I remember when I was in the 7th grade, heading over to my friend Kecia’s house on the weekends. We’d walk down the street to Pat’s house where he and I and Kecia and another boy, Brooks, would swim for hours upon hours in Pat’s pool. Sometimes when it got late, Pat’s mom would call us into the house and shove food under our noses. Pat’s house was like none I’d ever been in before. In hindsight, I think his parents were perhaps artist hippie throw-backs from the 60’s. There were tons of cuckoo clocks and neon signs and just strange stuff everywhere in the house. Tucked in a built-in desk between the kitchen and the dining room, there amongst all the crazy knick-knacks and artwork, was an Apple computer. We played some mean games of Space Invaders on that thing, using only the arrow keys to move and the space bar to fire; switching seats to let others play, while his dad read the newspaper and his mom tinkered about in the kitchen. Old school, yo.

We had a computer too, a Commodore 64. My mom was actually a computer programmer in the mid-1960’s, where the equivalent of a desktop computer used to take up an entire room! She’s sit for hours in front of that Commodore, writing and writing and writing what looked like total gibberish. One day, I heard her laughing and clapping in front of the computer. I walked in to see if she’d gone completely kookoo for Coco Puffs and she called me over to the screen and said, “Watch this!” She hit “enter” and a little stick figure man jerkily walked to the center of the screen, did about 3 jumping jacks and then walked off the other side of the screen. I was dumbfounded. “Did YOU do that?” I asked her? “I did!” she replied, with an enormous grin on her face. She showed me how. I made a stick figure of my own, but then just decided that I could draw a stick figure faster than I could program one. Oh, so naive.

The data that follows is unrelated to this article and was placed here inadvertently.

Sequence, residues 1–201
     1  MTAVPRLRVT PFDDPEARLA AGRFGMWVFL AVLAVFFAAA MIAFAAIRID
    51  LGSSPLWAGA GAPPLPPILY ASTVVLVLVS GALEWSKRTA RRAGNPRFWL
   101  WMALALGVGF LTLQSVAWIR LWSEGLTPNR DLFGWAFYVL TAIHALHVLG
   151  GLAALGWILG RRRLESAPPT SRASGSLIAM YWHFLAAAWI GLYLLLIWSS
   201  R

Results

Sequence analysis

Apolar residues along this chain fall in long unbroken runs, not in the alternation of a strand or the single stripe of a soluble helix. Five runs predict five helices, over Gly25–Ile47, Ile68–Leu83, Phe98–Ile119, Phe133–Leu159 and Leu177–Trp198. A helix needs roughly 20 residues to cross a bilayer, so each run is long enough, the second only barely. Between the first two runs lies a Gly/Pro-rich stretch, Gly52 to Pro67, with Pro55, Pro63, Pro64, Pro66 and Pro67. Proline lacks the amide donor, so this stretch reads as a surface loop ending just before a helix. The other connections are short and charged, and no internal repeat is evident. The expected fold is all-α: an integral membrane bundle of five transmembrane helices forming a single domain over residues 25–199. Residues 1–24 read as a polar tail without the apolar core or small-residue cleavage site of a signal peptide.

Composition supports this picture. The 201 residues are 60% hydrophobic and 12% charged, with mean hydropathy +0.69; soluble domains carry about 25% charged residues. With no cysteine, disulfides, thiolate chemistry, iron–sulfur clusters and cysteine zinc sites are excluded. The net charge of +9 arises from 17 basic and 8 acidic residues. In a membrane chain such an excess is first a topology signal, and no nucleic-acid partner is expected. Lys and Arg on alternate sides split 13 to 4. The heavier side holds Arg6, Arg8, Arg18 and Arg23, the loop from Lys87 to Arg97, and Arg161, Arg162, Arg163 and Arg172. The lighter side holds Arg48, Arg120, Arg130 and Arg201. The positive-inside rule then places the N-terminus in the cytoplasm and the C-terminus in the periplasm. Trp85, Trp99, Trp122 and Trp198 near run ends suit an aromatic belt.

So last night, I’m watching Brian Williams (*swoon*) talk about the death of Steve Jobs and it took me back to those nights at Pat’s house, playing on what was probably one of the very first Apple products ever created. As I listened to Brian talk about Jobs, I realized how larger than life this man was. He (with Bill Gates, Steve Wozniak) changed our society, changed our entire world and culture with his inventions. The simple task of snatching an icon with your mouse and dragging it to the trash can – all from this man. He revolutionized typography and turned the music industry on it’s ear with the invention of the iPod.

Aside from obvious intelligence, he was also a scholar of life. His cancer diagnosis forced him into a life perspective that we can all try to take a hold of. Last night NBC showed a clip of Jobs at Stanford’s 2005 graduation, touting his speech as the Gettysburg Address of commencement speeches. You can read the whole thing here, but I wanted to share what I found most moving. It was his reaction to being fired from Apple: